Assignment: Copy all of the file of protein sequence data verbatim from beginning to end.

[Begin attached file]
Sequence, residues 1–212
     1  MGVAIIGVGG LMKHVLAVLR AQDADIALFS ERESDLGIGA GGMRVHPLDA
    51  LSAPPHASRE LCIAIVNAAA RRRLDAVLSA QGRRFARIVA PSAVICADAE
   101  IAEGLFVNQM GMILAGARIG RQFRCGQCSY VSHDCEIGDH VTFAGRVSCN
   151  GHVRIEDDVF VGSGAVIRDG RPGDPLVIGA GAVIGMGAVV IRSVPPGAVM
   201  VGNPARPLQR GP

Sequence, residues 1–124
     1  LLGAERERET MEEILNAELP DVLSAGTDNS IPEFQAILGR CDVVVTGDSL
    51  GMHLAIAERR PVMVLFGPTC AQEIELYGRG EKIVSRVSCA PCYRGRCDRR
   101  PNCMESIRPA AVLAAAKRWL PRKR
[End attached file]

Sequence, residues 1–212
     1  MGVAIIGVGG LMKHVLAVLR AQDADIALFS ERESDLGIGA GGMRVHPLDA
    51  LSAPPHASRE LCIAIVNAAA RRRLDAVLSA QGRRFARIVA PSAVICADAE
   101  IAEGLFVNQM GMILAGARIG RQFRCGQCSY VSHDCEIGDH VTFAGRVSCN
   151  GHVRIEDDVF VGSGAVIRDG RPGDPLVIGA GAVIGMGAVV IRSVPPGAVM
   201  VGNPARPLQR GP

Sequence, residues 1–124
     1  LLGAERERET MEEILNAELP DVLSAGTDNS IPEFQAILGR CDVVVTGDSL
    51  GMHLAIAERR PVMVLFGPTC AQEIELYGRG EKIVSRVSCA PCYRGRCDRR
   101  PNCMESIRPA AVLAAAKRWL PRKR